For years now, Matt and I have had an unspoken agreement that for our birthdays we must do something memorable. Beyond the usual treasures of a nice dinner and cake, we like to include something that we can look back on in the years to come and associate it with turning a certain age. Last year, he took me glamping in western Maryland and I took him wine tasting in South Africa. This year we ramped up the adrenaline and headed south to try our luck on the Tail of the Dragon.
What is the Tail of the Dragon?
Located between Tennessee and North Carolina, the Tail of the Dragon is considered a bucket list worthy stretch of road. It spans 11 miles and contains over 300 twists and turns sure to leave even the most confident of drivers with clenched white knuckles. Many people with sports cars and motorcycles make the trek from near and far to “tame the Dragon”. Most drivers conquer it but the remnants of those who do not can be seen embedded in the passing trees.
Prior to our trip, while Matt’s mother was asking him about where we were going, he decided to show her a map online marking each place along the road where a motorist suffered a fatal crash. Don’t be like Matt. Don’t scare your mother.
While there have been enough crashes to pin them all on a map, if you pay attention and don’t exceed your personal limits, this can be a really thrilling experience. We buckled up, cranked the volume on the radio, and battled the beast. I tried my best to capture some of the footage from our trip, but forgot to grab my camera from the trunk before we began. Excuse my peekaboo finger and the trail of bug stains on the windshield in my less-than-stellar cell phone video!
Most likely, if the Tail of the Dragon is in your itinerary, you will be bringing your own car/bike rather than flying. Most people will start in Deals Gap, Forney’s Creek, NC. We ended up staying in Knoxville the night before so we arrived through Tennessee and essentially did the drive in reverse of most traffic. This direction will put you on the side straddling the drop offs, rather than hugging the mountains. At any rate, US Route 129 is where this stretch of road can be found. There are a few places to stay nearby. Be safe and arrive in the daylight. I imagine those mountain roads can be quite treacherous come nightfall.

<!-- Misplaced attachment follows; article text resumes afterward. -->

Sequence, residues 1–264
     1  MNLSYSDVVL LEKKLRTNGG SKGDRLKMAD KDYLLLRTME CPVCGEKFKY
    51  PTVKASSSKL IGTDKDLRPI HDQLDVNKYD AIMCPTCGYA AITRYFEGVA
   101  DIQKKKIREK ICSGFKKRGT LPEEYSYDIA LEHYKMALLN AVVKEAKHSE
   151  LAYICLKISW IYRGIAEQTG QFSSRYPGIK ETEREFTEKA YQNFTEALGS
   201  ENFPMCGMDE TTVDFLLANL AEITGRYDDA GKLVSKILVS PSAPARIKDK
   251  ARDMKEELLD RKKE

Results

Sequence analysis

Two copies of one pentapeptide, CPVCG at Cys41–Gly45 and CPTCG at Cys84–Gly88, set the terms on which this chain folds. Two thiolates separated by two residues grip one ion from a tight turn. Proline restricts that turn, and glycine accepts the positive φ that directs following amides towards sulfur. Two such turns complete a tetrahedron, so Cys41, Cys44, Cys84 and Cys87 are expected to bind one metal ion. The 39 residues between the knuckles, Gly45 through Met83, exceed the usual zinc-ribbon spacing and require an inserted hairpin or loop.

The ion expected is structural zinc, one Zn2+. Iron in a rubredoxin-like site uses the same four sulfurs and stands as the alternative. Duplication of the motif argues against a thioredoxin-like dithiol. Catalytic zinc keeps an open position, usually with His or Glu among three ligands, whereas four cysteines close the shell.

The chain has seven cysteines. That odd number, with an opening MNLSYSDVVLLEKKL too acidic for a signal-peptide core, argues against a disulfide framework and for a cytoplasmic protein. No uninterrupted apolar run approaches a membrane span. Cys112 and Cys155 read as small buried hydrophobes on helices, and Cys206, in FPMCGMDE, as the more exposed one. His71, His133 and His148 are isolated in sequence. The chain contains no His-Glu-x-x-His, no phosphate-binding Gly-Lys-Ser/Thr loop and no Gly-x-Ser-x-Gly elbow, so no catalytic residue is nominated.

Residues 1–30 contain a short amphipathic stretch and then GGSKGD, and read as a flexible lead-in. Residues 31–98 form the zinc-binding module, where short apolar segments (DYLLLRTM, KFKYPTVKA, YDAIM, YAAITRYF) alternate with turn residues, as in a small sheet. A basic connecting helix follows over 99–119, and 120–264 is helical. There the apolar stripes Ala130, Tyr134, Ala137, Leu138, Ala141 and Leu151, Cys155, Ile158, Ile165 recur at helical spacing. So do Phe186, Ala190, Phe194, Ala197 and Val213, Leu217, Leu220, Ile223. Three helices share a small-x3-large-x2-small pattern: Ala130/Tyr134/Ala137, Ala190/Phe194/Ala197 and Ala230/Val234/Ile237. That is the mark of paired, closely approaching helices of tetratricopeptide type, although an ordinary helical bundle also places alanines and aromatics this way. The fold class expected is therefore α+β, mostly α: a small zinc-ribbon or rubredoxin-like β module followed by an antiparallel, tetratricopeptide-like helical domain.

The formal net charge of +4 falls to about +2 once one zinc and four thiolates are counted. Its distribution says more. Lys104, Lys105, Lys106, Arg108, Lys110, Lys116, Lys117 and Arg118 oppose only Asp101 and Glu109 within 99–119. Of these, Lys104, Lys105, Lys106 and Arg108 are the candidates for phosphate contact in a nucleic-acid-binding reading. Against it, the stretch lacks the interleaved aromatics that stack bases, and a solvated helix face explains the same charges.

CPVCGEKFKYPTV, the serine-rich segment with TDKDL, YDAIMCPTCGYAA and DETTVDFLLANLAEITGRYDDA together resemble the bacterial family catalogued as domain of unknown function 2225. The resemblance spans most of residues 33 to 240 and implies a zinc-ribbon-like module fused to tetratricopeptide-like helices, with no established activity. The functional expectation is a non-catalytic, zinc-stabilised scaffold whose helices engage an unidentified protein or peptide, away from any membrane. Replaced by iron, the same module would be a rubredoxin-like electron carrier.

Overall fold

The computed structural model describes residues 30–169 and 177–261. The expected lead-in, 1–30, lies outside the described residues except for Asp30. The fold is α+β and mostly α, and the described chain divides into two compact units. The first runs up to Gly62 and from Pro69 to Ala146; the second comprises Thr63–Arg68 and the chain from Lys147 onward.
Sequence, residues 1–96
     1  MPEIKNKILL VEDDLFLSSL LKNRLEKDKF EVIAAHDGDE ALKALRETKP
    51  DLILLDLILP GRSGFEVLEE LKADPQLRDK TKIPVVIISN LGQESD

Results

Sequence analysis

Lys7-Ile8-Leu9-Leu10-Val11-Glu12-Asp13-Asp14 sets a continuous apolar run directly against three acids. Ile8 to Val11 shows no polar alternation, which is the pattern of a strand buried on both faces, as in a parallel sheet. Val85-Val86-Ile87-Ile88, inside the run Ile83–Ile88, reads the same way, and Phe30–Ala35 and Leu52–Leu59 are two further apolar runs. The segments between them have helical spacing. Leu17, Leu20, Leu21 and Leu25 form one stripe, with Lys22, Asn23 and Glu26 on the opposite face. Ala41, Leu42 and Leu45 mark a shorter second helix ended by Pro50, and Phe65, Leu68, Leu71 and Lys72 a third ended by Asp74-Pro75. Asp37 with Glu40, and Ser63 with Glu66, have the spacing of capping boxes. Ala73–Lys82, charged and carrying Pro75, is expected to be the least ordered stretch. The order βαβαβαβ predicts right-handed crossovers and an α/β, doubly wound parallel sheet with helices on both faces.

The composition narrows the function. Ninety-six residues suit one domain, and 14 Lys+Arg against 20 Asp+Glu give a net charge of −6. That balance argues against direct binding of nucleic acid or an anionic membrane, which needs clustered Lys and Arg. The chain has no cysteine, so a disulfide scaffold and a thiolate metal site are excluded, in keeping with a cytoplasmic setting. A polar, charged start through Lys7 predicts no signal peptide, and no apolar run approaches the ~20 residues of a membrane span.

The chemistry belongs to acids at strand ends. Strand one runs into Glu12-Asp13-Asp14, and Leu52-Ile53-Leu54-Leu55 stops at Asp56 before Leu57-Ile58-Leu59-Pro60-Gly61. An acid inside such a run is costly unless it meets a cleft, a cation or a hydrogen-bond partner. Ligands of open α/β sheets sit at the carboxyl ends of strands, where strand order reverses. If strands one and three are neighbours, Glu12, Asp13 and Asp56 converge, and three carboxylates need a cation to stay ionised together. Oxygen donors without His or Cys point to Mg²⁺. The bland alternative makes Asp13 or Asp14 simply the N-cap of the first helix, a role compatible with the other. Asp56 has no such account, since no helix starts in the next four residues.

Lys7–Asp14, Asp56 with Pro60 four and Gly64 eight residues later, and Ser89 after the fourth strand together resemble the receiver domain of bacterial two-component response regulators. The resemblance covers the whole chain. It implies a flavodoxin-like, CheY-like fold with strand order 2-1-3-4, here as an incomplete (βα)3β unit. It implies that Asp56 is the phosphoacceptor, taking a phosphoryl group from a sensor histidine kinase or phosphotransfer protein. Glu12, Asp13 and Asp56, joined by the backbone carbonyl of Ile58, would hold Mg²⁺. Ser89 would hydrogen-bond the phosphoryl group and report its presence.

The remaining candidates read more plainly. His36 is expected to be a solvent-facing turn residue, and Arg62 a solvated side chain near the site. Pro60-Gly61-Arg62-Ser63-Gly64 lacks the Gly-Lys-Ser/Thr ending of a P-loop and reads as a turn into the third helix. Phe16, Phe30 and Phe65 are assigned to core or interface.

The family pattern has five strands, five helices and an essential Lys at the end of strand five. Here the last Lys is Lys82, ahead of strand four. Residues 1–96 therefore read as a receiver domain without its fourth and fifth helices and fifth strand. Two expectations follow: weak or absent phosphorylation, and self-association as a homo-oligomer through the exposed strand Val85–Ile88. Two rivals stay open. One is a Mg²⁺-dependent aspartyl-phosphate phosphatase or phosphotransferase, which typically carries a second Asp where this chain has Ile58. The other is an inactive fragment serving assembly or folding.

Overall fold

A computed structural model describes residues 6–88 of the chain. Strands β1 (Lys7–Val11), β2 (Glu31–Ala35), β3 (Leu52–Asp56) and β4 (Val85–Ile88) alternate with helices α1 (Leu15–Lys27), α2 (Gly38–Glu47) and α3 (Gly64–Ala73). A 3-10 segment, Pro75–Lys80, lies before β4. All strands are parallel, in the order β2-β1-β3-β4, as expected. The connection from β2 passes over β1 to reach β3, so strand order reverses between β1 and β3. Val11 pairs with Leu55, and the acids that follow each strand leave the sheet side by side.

At the Deals Gap end there is a general store, a gas pump, and a place to buy a quick bite to eat. I couldn’t help but walk away with a souvenir sticker. They have apparel, patches, and other mementos if that’s your jam, but I just love collecting little reminders I can stick in a memory book.
Know Before You Go
Make sure you have plenty of gas. Once you enter the Dragon, there are no stops other than a few places to pull onto the shoulder. While this is not a terribly long stretch to go without seeing any businesses, Matt and I almost ran into trouble. We kept waiting to fill up our tank thinking we would come across a gas station of our preference, but we never did. We passed a few options up before realizing it was too late and we had already entered the start of the Dragon. Luckily for us, there is a gas station at the end (or beginning, depending where you start).
This is not a scenic route. If a beautiful view is what you’re after, look elsewhere. Not to say this isn’t a gorgeous piece of land, but the road itself is the attraction here. People come from all over to conquer the turns. If you’re in their way, driving slower than grandma with your eyes wandering off into the woods, they aren’t going to be too happy with you. Matt and I had to pull onto the shoulder a number of times to put some distance between ourselves and the slow cruiser in front of us.
There are, however, definitely some photo worthy places before/after the Dragon.
Screenshot your directions. Or have a map. You know one of those handheld ancient relics that I can never seem to fold correctly when I am finished. Either way, you will probably lose service in the mountains. After we finished driving the Dragon we were without GPS for a good 10 minutes of driving. Luckily, one of us has a decent sense of direction. I’m not naming names.
Smile for the camera. Unsurprisingly, several photography companies have capitalized on setting up shop here to snap photos of the passing cars/bikes. Be sure to visit their websites the day after your drive to see what they have captured of your journey. You are able to download digital copies and/or order prints for a small fee. If I missed any, please let me know in the comments!
These two photos below were taken by the photographers at Killboy!
If this is not already on your bucket list, what are you waiting for? Pick a date when the weather is good, buckle up, and enjoy!
Are there any other bucket list roads like this one we should know about? Tell us in the comments!
Megan & Matt